No Right Turn: Reason To Be Suspicious
Reason To Be Suspicious
Many on the left are suspicious of the third way as providing semantic cover for a shift to the right, and after reading Anthony Giddens' latest article in the New Statesman, I can't blame them one bit. In an article headlined The left must open up more clear water between itself and its opponents, Giddens compares the current situation of social democratic or left parties in Europe with the triumphalism of the Blair / Schroeder joint statement.
Where once social democrats held power in thirteen states of the European Union, they are now reduced to nine. According to Giddens, this is due to too little "revisionism". Social democratic parties have failed to move to the right far enough or fast enough. The German Social Democratic Party is in trouble because its members have rejected the revolutionary neo-liberal "reforms" laid out in Schroeder's joint statement (which is a very familiar recipe to New Zealanders: tax cuts for the rich, flexible labour markets, and a move to a low-wage, low skill, service economy); in Denmark and the Netherlands, the left lost power because they "failed to anticipate and respond to a wave of [anti-immigration] right-wing populism". Giddens' "solution" is for left-wing parties to adopt wholesale neo-liberal economic policies, and on other fronts to
...generate left-of-centre solutions to "rightist" problems - such as those to do with crime or immigration.
In practice, this means outflanking right-wingers on the right, by being even more vicious and reactionary. And so we see the paradigm third way government, Tony Blair's New Labour, demonising asylum seekers and eroding civil and human rights in an effort to win the bidding war for the redneck vote. If there's "clear water" being opened here, it's on the other side of the right-wing boat.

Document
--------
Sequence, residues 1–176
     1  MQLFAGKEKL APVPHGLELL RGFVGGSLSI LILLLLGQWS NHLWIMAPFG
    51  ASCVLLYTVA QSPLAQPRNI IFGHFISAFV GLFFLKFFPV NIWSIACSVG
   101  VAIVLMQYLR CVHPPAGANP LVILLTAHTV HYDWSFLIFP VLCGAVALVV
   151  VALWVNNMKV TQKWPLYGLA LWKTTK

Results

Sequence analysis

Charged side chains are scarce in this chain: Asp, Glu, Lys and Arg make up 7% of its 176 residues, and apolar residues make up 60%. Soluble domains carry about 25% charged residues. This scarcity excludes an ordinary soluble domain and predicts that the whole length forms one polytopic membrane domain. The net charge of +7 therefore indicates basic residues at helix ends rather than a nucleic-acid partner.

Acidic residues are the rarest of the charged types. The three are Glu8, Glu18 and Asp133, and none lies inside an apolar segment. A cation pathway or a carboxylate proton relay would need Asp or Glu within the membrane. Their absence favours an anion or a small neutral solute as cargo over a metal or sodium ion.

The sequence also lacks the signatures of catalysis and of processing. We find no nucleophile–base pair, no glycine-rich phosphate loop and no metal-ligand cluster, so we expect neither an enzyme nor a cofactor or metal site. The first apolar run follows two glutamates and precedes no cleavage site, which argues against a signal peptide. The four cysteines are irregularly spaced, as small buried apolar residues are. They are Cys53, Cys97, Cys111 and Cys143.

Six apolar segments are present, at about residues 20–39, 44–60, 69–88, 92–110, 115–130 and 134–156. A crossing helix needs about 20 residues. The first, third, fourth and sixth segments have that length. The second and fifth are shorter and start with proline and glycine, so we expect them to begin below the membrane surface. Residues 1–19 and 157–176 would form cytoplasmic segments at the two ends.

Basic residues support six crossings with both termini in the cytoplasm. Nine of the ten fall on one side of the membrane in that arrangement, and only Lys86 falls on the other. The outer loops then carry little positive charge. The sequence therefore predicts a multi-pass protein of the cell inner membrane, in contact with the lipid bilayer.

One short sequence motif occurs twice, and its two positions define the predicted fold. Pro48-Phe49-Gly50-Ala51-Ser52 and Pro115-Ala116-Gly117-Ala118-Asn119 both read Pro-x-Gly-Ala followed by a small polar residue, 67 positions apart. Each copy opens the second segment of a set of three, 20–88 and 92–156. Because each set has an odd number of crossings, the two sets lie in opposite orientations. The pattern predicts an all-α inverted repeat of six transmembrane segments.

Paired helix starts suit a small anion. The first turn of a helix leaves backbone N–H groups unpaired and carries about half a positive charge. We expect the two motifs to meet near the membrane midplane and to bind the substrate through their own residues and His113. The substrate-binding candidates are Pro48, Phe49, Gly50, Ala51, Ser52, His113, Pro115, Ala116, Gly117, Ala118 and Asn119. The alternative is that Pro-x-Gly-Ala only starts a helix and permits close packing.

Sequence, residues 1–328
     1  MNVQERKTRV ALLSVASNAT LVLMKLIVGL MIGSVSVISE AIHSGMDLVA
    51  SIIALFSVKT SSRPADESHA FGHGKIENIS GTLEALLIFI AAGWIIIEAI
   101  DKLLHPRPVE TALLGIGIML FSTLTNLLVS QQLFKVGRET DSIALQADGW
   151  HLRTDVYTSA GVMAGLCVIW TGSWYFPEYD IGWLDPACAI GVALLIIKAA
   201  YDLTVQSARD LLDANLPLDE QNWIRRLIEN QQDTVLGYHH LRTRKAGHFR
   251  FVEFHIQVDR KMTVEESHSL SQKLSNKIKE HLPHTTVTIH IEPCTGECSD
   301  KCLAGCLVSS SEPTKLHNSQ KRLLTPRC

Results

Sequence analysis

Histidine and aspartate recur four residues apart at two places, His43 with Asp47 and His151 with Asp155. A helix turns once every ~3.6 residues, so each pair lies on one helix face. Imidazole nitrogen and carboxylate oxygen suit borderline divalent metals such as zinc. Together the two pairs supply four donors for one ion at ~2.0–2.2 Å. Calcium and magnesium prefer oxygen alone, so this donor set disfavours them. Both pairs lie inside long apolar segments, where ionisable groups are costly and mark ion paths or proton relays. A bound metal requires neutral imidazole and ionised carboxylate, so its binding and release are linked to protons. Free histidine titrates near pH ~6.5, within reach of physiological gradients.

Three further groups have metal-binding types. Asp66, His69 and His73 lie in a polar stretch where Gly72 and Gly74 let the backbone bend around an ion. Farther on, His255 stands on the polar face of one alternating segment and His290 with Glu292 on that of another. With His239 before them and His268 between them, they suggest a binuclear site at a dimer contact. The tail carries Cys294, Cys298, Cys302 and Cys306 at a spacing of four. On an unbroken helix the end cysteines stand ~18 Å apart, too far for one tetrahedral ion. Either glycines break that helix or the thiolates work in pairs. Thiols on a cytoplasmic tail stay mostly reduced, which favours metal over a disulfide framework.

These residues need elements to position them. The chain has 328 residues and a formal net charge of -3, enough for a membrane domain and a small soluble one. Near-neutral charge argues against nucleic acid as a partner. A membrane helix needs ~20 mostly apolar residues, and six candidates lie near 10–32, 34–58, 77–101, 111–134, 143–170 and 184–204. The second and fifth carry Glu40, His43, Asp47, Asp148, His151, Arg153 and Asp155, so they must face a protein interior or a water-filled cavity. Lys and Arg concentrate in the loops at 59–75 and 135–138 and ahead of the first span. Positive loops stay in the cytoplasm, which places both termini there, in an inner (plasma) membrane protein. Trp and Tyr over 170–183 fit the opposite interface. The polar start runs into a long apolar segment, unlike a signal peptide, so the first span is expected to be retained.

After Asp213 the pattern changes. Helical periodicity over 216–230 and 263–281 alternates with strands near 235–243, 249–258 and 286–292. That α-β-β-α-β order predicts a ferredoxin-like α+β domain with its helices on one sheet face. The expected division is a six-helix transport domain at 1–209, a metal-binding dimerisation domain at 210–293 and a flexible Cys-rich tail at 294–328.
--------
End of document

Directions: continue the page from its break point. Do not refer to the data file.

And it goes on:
Then there's Giddens' attitude towards dissent. Internal division must be suppressed in order to achieve electoral victory. "Reforms" must be rammed regardless of objections from party rank and file; delays simply make the "backlash" greater. There's more than a whiff of the Douglas blitzkrieg here, which is surprising from someone who claims that democracy must be democratised.
Looking at this program, there is every reason to be suspicious. Giddens' third way isn't a third way at all - it's a wholesale appropriation of the policies of the extreme right, and a sacrifice of core left-wing values for electoral advantage. While it's necessary for left-wing parties to gain power to actually achieve anything, applying Giddens' recipe means forgoing any chance of achieving anything worthwhile. As with the war on terror, if you have to sacrifice everything that would make winning valuable in order to achieve victory, then you really have to wonder what the point is.
But what's truly tragic is that the total compromise Giddens advocates isn't even necessary. Take Britain, for example: it's argued that 18 years of Thatcherism has created an ideological hegemony and destroyed any support for anything closer to "traditional" social democratic policies. Which sounds reasonable, until you realise that in the most recent British election, turnout dropped by 20% as traditional Labour supporters stayed home rather than vote for Blair. Factor in those who held their noses, and it's clear that traditional social democracy (or at least a far "lefter" compromise) still has a large constituency - but urged on by people like Giddens, Blair has simply abandoned them.